AMA proposes sound legislation model

Model offers objective testing method

By Motorcycle.Com Staff, Sep. 28, 2009
The American Motorcyclist Association has drafted model legislation to address the issue of excessive motorcycle noise.

According to the AMA, the model legislation offers cities an objective, consistent, and economical way to determine if a motorcycle is too loud.

“Too many times, jurisdictions responding to citizen complaints about excessive motorcycle sound create laws that simply don’t work in the real world,” says Imre Szauter, AMA government affairs manager. “They either set an unreasonable decibel limit, leave it up to a police officer to subjectively decide whether a bike is too noisy, or come up with another plan that is arbitrary or unworkable. Our model legislation is objective, workable and fair.”

The proposed model, based on the J2825 standard released by the Society of Automotive Engineers in May, specifies the type of sound meter to be used as well as the testing method. Under the SAE J2825 standard, sound limits range from 92 dBA at idle speed and up to 100 dBA at certain revs for various motorcycles, depending on engine type.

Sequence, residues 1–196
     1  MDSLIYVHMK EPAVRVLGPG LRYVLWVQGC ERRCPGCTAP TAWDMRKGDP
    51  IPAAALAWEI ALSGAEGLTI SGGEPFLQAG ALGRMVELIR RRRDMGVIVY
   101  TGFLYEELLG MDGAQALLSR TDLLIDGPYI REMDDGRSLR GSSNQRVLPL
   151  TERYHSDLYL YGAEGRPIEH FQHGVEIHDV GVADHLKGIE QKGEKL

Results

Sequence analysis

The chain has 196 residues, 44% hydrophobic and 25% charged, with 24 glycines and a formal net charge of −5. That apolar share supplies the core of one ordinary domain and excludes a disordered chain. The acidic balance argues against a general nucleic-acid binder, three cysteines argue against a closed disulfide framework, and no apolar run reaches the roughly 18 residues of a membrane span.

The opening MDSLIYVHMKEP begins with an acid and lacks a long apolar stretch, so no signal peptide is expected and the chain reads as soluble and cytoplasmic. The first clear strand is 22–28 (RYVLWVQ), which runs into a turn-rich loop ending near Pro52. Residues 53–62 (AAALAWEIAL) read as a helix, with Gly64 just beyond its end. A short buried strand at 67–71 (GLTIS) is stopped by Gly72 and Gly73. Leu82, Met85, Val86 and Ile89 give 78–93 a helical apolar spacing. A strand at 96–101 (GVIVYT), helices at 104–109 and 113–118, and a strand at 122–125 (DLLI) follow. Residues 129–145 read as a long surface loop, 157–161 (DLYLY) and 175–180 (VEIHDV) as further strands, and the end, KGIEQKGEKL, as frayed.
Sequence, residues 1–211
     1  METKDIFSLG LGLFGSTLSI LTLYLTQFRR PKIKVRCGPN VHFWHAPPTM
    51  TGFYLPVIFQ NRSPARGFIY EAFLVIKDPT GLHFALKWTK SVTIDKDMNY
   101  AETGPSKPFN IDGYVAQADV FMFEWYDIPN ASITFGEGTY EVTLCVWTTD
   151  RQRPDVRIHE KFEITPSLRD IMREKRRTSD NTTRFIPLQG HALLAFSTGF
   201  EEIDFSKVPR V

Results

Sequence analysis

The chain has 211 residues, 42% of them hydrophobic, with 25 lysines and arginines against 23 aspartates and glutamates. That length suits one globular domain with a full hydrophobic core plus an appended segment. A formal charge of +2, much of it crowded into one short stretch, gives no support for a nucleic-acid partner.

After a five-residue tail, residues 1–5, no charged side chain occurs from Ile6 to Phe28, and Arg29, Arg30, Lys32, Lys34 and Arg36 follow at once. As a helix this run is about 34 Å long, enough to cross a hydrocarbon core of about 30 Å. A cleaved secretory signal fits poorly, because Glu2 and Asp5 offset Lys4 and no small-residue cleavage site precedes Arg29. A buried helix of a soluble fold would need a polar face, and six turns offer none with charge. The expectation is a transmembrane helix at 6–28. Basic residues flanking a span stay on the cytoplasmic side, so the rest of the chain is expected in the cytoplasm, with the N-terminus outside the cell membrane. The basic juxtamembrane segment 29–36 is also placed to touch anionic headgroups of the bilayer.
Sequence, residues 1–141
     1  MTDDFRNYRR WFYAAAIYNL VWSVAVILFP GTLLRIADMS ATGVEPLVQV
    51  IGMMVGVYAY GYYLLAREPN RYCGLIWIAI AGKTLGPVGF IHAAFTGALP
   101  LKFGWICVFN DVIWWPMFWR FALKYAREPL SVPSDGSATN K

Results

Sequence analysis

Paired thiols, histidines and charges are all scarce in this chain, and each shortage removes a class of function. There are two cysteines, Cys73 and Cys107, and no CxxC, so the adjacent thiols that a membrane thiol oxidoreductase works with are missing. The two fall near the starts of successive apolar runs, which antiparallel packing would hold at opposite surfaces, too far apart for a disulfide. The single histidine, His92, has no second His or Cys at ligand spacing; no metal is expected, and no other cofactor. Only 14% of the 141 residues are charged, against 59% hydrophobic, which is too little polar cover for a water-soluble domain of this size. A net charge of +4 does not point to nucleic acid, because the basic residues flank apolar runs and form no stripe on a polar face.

“The motorcycling community, local governments and police officers have sought a practical sound field test for streetbikes for many years, and now it exists, thanks to a collaboration between the Motorcycle Industry Council and the SAE,” says Szauter. “The next step is for jurisdictions struggling with motorcycle sound complaints to adopt fair and objective laws, and the AMA is providing the tool for them to do that.”

Excessive sound has become a lightening rod of criticism against motorcycles, but Szauter says motorcycles should not be singled out.

“Many cities and other jurisdictions already have excessive sound laws on the books, but when they get citizen complaints about loud motorcycles, they sometimes decide to single out the riding public with unfair or overly restrictive ordinances and laws,” says Szauter. “We believe that motorcycles shouldn’t be singled out, but should be regulated as part of a comprehensive sound management policy that also addresses cars, trucks, leaf blowers, generators and other sources of excessive sound.”

Related Reading
AMA supports new sound test standard